Karrie Adamany Pilates

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Get back at your bad back

I often find myself in conversations about back pain and postural problems these days, and it’s not just limited to Pilates sessions. People I randomly meet say, “Oh, you teach Pilates? I’ve heard that would be good for my back. You see, I have this herniated disk…” and soon after hearing about their skateboarding accident or work-related strains, I find myself trying to help these people figure out how to take care of their backs.

I’m not a doctor. I don’t even play one on TV. But I do know that there are many things Pilates can do to help you strengthen your lower back and protect you from further injuring yourself.

Our backs are tricky beasts that don’t always cooperate with what the rest of our bodies want to do. There are times when you should stretch and times when you should rest your back and stay away from physical activity. But for general aches and pains, most of the time stabilizing with core strength is the key to a healthy, happy back.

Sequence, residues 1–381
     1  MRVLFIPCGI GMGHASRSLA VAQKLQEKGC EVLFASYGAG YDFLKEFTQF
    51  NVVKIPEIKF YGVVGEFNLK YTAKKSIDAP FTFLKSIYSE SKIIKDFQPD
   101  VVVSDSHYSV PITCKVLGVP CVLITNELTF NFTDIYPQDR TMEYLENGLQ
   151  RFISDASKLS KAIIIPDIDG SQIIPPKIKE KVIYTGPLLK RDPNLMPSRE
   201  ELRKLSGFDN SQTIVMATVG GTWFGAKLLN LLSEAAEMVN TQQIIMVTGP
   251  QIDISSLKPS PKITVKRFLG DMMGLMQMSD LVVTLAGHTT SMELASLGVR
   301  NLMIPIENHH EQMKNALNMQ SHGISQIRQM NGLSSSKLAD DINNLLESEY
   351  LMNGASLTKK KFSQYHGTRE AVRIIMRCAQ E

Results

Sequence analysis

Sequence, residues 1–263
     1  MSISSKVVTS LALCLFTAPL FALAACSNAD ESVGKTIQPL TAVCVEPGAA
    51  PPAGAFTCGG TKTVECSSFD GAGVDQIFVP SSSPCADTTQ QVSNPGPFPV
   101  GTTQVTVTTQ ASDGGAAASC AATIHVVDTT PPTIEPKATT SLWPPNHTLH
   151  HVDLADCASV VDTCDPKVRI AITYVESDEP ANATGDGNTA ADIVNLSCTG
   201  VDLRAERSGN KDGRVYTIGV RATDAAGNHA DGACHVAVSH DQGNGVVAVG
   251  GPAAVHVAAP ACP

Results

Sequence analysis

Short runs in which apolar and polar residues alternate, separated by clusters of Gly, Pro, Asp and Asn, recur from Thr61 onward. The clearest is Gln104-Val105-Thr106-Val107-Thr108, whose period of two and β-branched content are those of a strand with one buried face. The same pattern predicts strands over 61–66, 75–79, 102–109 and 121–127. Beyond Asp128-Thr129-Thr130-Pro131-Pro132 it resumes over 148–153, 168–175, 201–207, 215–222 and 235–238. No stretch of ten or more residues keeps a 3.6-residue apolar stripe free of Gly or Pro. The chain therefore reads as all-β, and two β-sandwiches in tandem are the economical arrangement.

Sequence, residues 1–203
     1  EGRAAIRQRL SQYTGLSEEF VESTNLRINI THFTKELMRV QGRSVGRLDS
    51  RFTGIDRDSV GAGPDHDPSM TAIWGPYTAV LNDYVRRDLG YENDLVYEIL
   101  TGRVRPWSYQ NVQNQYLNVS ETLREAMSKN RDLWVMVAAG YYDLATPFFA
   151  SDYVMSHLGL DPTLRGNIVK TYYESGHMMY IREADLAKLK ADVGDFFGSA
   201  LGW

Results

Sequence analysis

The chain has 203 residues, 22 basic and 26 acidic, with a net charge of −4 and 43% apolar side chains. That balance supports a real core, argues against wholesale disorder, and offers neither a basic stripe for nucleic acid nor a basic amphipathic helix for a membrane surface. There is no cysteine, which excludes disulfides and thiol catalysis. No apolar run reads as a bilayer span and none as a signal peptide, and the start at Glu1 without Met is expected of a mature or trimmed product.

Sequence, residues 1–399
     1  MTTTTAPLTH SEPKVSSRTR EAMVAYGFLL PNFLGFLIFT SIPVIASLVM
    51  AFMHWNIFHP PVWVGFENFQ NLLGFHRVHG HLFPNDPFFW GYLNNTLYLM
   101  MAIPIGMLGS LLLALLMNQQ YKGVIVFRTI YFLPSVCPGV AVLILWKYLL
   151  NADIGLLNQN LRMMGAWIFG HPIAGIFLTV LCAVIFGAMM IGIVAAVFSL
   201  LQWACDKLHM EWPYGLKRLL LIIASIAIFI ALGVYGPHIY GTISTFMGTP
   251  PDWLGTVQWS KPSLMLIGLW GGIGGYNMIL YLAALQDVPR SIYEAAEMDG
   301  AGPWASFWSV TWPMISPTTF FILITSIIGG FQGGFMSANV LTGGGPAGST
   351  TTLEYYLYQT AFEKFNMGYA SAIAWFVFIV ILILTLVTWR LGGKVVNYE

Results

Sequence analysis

Here are a couple of exercises to do just that:

1. Lying on your stomach, place your hands under your forehead on the mat. Keep your upper body relaxed. Contract (pull in) your abdominal muscles and slowly raise one leg a couple of inches off the floor. Hold for five counts and release. Alternate legs. Do this 5 times each leg, slowly. Then push back and sit on your heels reaching your arms in front of you along the mat (Child’s Pose) to stretch out your back.



2. Lying on your stomach again with hands under your forehead, this time keeping your toes on the mat. Contract your abdominal muscles and slowly life your head, chest, and arms off the mat in one piece (hovering over the mat). Don’t go too high – imagine creating length in your body so you will grow longer from the top of your head to your toes. Doing this ensures you will not arch your back. Gently lower down. Repeat 5 times, slowly. Again sit back on your heels and stretch.



Once you are feeling stronger you can do the first exercise with both legs lifted. And most importantly, if you have acute or constant back pain you should always consult a doctor before trying new exercises.

Questions? Concerns? Call!